Ruth A. Mora Izturriaga
September 8, 2023 – October 21, 2023
Ruth A. Mora Izturriaga’s artistic practice thrives on diverse expressions, inspired by change, transformation, and adaptation. Anatomic images and references to nature are recurrent in her art, symbolizing beauty, time’s passage, birth, regeneration, and healing. She aims for them to bridge between her personal preoccupations and collective concerns, by referring to universal themes that can connect us all.
Roots is a body of work that delves into material-driven processes and alternative material expressions, engaging in a dialogue between screenprinting and weaving, centred on the Japanese concept of wabi-sabi, embracing life’s transient and imperfect nature.
Her methods include printmaking (screenprinting, corn stamping), embroidery, hand-drawing, and traditional weaving, alongside modern high-tech production techniques like rasterization, laser etching and laser cutting, and the use of common materials in unconventional ways.
In the dialogue between digital precision, accuracy and complexity and manual imperfect but sensible interventions, she aims to evoke new modes of expression, ultimately blending rational processes with intuitive approaches to forge a unique language.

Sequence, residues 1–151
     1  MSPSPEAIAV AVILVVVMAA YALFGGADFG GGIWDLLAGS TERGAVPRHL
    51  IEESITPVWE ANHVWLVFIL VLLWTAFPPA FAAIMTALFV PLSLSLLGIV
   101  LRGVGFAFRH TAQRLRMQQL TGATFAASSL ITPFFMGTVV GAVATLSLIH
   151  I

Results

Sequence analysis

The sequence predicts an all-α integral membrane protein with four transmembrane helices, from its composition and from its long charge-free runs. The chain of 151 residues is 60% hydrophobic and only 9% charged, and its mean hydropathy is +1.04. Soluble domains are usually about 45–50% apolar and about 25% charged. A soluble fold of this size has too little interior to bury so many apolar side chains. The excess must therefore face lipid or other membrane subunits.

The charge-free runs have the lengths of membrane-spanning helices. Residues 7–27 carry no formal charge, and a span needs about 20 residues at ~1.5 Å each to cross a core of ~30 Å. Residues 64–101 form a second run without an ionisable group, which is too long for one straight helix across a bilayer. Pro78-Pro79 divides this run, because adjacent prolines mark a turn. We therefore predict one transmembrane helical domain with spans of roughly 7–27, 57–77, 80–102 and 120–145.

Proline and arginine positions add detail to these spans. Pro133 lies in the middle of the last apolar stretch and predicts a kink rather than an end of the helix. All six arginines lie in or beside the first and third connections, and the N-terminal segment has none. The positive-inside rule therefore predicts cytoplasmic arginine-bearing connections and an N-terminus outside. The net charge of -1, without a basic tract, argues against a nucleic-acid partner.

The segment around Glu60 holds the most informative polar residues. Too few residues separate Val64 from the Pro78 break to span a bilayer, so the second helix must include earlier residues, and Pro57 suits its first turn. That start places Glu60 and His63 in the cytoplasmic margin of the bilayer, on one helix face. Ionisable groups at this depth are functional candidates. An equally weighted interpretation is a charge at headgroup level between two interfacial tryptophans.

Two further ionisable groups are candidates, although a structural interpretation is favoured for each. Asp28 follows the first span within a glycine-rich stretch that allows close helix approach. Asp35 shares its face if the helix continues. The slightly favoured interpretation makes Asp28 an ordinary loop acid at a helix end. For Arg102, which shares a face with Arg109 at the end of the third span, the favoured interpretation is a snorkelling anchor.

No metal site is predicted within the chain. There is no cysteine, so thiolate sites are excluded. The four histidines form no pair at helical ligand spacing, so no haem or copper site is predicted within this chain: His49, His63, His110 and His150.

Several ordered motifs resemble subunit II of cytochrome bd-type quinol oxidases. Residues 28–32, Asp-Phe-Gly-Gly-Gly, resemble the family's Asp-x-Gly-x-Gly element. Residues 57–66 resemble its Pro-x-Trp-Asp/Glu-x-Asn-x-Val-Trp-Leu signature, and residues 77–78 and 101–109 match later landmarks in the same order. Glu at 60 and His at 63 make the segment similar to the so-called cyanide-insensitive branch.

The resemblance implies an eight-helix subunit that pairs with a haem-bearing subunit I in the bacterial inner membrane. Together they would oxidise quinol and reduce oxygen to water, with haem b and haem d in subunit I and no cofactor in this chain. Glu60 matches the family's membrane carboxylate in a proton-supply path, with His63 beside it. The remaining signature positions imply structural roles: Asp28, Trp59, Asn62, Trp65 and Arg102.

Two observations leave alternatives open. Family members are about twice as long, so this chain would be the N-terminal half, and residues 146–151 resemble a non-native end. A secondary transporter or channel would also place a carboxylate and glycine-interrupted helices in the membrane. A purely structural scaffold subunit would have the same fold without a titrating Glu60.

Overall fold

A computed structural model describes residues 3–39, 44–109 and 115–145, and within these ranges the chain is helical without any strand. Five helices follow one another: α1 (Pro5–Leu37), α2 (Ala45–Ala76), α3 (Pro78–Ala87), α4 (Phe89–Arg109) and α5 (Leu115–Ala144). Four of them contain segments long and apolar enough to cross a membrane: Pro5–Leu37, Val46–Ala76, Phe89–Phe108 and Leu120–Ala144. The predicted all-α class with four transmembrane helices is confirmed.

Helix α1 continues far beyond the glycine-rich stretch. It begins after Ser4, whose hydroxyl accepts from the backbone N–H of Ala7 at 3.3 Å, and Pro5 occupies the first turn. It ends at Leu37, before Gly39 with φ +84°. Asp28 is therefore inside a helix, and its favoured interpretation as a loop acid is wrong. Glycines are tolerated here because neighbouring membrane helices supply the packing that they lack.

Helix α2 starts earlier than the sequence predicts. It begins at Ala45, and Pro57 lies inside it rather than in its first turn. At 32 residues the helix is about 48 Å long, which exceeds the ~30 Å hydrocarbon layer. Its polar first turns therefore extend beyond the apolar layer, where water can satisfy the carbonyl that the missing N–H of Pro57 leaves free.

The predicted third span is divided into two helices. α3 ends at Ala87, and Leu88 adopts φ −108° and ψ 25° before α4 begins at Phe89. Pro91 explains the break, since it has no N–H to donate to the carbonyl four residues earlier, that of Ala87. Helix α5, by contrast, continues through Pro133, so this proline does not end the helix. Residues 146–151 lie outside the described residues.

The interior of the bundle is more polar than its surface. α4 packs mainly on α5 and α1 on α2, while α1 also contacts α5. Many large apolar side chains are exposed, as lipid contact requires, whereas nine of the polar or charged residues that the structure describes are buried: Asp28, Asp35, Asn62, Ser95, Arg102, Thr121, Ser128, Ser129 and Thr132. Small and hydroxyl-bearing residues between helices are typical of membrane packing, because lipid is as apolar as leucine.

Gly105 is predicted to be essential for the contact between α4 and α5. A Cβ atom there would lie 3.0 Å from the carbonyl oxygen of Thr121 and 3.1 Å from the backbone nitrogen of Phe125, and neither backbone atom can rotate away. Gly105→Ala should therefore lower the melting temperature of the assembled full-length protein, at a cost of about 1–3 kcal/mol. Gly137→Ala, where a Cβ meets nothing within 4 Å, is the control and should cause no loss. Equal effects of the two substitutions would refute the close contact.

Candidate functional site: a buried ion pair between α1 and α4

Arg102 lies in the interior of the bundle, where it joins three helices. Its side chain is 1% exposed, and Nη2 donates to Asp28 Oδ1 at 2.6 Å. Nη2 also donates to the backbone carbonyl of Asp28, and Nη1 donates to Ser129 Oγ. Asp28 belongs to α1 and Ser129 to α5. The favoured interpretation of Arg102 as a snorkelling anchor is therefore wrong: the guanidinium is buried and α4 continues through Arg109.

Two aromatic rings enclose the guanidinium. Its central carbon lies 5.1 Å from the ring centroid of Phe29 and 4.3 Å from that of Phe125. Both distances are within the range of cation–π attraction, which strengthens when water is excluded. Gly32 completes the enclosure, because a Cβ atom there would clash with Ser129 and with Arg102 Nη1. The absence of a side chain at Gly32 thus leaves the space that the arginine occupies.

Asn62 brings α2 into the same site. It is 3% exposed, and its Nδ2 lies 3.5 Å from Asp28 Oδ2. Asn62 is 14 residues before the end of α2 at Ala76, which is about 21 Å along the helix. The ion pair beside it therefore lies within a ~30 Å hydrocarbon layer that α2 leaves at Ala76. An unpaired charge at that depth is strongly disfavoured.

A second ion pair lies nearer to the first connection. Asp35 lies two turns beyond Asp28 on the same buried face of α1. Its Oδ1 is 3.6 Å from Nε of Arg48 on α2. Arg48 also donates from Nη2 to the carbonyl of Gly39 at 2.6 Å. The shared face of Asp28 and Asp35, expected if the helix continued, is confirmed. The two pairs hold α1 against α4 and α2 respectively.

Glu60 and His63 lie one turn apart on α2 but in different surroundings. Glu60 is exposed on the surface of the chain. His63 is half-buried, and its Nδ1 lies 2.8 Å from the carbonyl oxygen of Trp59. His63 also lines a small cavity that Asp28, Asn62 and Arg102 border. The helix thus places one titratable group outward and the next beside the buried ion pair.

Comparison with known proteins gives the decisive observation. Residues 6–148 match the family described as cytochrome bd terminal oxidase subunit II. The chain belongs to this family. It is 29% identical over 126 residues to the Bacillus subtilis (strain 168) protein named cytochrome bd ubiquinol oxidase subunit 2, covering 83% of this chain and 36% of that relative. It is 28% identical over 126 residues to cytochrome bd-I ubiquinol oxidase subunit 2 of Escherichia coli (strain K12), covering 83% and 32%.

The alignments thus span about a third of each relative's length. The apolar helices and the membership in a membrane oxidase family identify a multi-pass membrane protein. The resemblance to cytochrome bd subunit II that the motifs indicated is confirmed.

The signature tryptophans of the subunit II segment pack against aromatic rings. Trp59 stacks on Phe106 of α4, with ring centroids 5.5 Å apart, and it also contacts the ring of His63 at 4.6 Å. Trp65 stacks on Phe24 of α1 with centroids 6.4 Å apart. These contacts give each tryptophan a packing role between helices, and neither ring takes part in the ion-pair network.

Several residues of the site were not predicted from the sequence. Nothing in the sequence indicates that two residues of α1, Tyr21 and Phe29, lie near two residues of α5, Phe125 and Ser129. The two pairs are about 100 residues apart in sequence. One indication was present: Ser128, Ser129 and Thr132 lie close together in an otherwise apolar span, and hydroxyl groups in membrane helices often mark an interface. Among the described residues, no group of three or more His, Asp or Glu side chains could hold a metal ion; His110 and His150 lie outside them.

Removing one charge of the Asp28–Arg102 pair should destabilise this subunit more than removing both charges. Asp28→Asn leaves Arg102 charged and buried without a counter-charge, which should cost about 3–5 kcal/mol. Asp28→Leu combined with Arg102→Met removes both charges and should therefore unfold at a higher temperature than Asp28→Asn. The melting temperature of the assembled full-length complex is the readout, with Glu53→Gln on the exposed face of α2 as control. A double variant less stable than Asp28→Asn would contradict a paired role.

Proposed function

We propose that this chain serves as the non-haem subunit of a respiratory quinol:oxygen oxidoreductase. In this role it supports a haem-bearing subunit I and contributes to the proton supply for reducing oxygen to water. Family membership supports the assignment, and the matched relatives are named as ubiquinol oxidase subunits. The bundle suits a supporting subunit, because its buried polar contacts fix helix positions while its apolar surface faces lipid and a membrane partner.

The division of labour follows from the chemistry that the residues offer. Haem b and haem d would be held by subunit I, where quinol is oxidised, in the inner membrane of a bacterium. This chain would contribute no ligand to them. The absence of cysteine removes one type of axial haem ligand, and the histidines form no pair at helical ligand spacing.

Ruth A. Mora Izturriaga is a Latin-American artist based in Toronto and a member of SUMOfc Art Collective. She is an MFA graduate from Pratt Institute in ‘New Forms’ concentration (non-traditional forms of art) where she was distinguished with both the MFA’s Outstanding Achievement Award and the Pratt Circle Award. She is featured on ‘ARCHIVO’, a digital platform (by Sur Gallery) for the diaspora of Latin American artists in Canada.
She generally works in two distinctive media: inhabitable sculptures/installations and printmaking. In both artwork forms, she intends to confront the human as a “Rorschach Test” would, to produce pieces in which we project ourselves and trust them to reflect our visions of life.
She believes in the dialogue between art and built form and is interested in the ‘human adaptative condition’ to place in relationship with individual and collective identity, to create connections between people and places through art.
Ruth A. Mora Izturriaga gratefully acknowledges funding support from the Ontario Arts Council, Latin American Canadian Art Projects and Chris Glover (MPP, Spadina-Fort York). She also would like to acknowledge her mother, Ruth Izturriaga de Mora, for her contribution and invaluable support.